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Non-Review Review: The Sorcerer’s Apprentice

The Sorcerer’s Apprentice is a movie that really works very much better than it really should. It’s clunky, predictable and standard box office fare, hardly designed to provoke or probe the extremes of the human imagination. It opens with a clunky exposition-filled narration which crams an entire franchise’s worth of back story into what should be a simple and straight forward tale, which even Ian McShane’s distinctive tones can’t completely elevate. From there on out, its by-the-numbers and fairly straight-forward. On the other hand, the movie has something that the vast majority of other summer blockbusters are seriously lacking in.

And that thing, my friends, is Nicolas Cage.

Cage certainly takes some balsy roles...

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Your Highness Trailer

I have to admit, I’m a sucker for eighties fantasy. Classics like Willow and Labyrinth were among the favourites of my childhood (although, I must confess, I have never actually seen all of Legend – Tim Curry gave me nightmares). So I’m actually really looking forward to Your Highness, which looks to be a sort of (vaguely) affectionate spoof of all those classic campy fantasy movies. Seriously, check out the appearance from a very Jim-Hensen-esque puppet at the end of the trailer. It’s written and starring Danny McBride, who you’ll probably be familiar with from great roles in some of the better comedies of the last few years (like Pineapple Express with co-star James Franco and Tropic Thunder). The movie filmed in Northern Ireland, and recently had students from around the US competing to host the world premiere, so it’s one to watch. By the way, check out that supporting cast – Damian Lewis, Charles Dance, Toby Jones and Justin Theroux (alongside leads McBride and Franco, Natalie Portman and Zooey Dreschanel).

Are Spin-Offs the New Sequels?

It seems that year-on-year, the cinemas are flooded with sequels to banal action movies. This year we have Iron Man 2, Shrek 4, Predators and Sex and the City 2, among others. It’s been that way for years. If you summer blockbuster isn’t an adaptation (of television show, novel, comic book, earlier film or even video game), chances are that it is a sequel (or a prequel). It makes shrewd business sense. Given the huge amount of money spent on these tentpoles ($150m for just the production budget, let alone other costs), so it feels somewhat safer to spend it on a known quantity. Franchises have built in fanbases, more merchandise, already had several DVD releases (which means more people are aware of it than casual cinema goers), which means a bigger audience, more awareness and more money. It can be quite exhausting, however, from a cinema goer prospective. However, Hollywood likes to innovate in its own insanely boring way. Much as they redefined cinema by bringing back a gimmick from the fifties, and turned the glut of sequels into prequels, it appears Hollywood has found a new way of generating money from established properties: the spin-off.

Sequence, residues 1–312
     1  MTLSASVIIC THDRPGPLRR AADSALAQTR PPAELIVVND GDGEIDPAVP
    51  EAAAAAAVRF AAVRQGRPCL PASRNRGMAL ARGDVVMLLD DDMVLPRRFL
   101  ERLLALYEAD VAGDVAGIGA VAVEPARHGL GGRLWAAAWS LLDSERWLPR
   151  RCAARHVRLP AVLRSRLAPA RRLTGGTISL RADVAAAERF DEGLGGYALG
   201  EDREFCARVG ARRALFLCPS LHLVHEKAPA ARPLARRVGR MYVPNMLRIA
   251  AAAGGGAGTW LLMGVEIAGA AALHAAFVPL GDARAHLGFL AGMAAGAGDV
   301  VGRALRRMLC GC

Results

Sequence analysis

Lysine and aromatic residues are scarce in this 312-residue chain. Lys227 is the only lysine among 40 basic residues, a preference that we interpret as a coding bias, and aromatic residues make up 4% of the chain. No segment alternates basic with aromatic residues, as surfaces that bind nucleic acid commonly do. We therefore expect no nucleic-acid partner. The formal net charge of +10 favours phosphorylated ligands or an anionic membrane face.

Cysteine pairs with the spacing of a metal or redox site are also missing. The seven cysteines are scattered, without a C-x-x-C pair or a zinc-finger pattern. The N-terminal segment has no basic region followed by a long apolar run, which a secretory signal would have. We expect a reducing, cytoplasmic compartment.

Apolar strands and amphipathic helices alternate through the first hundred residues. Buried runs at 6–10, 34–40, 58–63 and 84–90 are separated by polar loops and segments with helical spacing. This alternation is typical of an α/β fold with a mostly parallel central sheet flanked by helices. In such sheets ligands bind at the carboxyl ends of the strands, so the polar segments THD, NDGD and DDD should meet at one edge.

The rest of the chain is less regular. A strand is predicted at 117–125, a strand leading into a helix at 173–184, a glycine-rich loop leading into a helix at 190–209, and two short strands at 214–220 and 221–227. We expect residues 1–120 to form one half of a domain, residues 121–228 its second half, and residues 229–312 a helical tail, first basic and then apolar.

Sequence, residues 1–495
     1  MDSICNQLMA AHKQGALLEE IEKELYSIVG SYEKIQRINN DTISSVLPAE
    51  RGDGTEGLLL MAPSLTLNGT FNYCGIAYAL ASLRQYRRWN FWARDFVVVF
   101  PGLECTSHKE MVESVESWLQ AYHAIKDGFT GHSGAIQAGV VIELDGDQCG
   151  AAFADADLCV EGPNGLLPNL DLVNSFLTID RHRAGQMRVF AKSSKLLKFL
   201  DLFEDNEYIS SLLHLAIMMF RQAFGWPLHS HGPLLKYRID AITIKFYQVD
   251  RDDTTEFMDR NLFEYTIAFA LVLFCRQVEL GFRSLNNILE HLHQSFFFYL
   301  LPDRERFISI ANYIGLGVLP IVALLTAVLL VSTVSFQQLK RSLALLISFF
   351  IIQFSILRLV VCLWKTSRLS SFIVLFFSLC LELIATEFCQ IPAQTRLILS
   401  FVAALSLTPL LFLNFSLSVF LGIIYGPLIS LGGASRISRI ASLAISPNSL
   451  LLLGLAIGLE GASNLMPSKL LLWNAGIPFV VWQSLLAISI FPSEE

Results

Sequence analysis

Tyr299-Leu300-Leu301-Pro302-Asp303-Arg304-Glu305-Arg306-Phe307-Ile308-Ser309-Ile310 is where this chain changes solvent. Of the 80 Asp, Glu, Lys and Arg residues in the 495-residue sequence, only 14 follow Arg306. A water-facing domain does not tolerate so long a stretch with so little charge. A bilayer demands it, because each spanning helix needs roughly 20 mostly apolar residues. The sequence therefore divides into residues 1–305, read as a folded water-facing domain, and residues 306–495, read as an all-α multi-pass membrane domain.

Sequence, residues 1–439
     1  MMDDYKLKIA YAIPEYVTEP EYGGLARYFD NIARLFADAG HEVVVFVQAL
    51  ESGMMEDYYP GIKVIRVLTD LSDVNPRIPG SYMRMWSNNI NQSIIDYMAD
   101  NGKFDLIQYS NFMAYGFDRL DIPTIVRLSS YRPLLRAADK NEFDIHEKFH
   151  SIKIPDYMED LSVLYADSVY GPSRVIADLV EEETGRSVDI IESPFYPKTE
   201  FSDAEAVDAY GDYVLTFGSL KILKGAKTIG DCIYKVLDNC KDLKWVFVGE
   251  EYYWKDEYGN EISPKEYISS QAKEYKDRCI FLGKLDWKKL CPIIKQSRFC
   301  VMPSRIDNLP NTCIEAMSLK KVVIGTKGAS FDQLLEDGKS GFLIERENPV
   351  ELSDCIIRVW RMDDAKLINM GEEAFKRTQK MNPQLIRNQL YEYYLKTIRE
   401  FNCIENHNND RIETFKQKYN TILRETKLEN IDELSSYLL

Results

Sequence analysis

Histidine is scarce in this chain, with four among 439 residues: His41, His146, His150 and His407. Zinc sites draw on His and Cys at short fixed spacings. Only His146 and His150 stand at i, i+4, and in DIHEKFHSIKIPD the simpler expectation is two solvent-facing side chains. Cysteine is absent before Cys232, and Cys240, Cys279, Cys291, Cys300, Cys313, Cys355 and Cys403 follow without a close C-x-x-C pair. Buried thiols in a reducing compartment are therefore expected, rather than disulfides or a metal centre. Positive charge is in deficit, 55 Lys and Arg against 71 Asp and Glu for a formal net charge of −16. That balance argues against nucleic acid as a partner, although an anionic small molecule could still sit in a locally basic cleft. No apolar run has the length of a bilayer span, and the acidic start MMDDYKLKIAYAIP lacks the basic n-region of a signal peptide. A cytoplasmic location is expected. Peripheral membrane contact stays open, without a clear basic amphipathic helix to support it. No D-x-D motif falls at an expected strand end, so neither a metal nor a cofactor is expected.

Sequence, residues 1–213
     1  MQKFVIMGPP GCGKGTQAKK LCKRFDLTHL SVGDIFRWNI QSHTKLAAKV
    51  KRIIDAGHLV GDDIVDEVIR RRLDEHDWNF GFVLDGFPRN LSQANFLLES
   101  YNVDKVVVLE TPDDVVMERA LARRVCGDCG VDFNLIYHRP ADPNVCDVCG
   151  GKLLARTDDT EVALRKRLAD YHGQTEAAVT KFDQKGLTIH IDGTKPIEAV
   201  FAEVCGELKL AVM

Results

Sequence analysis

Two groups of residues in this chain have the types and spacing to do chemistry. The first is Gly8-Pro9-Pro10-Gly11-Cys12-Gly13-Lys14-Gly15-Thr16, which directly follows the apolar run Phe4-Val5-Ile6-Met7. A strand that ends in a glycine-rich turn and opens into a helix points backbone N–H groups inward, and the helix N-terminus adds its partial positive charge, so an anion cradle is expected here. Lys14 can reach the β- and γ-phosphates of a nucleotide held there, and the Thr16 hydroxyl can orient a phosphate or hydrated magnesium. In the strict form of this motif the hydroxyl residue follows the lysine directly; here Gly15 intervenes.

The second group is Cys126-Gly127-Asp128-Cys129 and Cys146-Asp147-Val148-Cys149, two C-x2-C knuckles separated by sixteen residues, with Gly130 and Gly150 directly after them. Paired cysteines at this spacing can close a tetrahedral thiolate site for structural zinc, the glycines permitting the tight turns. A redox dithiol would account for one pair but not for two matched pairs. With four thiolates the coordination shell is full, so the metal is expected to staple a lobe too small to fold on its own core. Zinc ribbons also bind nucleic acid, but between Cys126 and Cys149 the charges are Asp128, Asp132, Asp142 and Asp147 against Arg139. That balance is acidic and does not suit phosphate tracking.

Think of the Gross, baby!

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My Top 50 Movies of the Decade…

Alright here it is, my top fifty films of the decade. I’ve decided to stop complaining about Donal Clarke’s list in the Irish Times and just let rip myself. There’s more than a few crazy choices down there, but – after a week in the works – I’m happy with it. I doubt that a lot of other people will be.

Like the Oscars, but... you know, better...

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Non-Review Review: Tropic Thunder

I make no apologies, I love this movie. Though it might not always hit the perfect notes, it maintains Ben Stiller’s pitch-perfect ability to just throw tonnes of stuff at the wall and if even 30% of the jokes hit, you’re at least grinning for the film’s runtime. He also has a fantastic cast full of the talented and the one-note, all of whom are perfectly chosen for the roles that they play within Stiller’s war comedy. Sure, the film may lose focus a bit, and it has a fairly short attention span, but this means that Stiller isn’t afraid to pull away from a gag that isn’t working.

Jungle Fever

Jungle Fever

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Cruise Control – Thoughts on Tom Cruise

I am going to just come out and say this. I like Tom Cruise as an actor. I think he’s hugely talented and vastly underrated. I think he suffers from a subset of the Sean Penn Syndrome that affects Christian Bale – his wacky personal life tends to overshadow his on-screen roles, which is a damn shame, given the talent that’s been hinted at repeatedly throughout his career.

A pleasant cruise...

A pleasant cruise...

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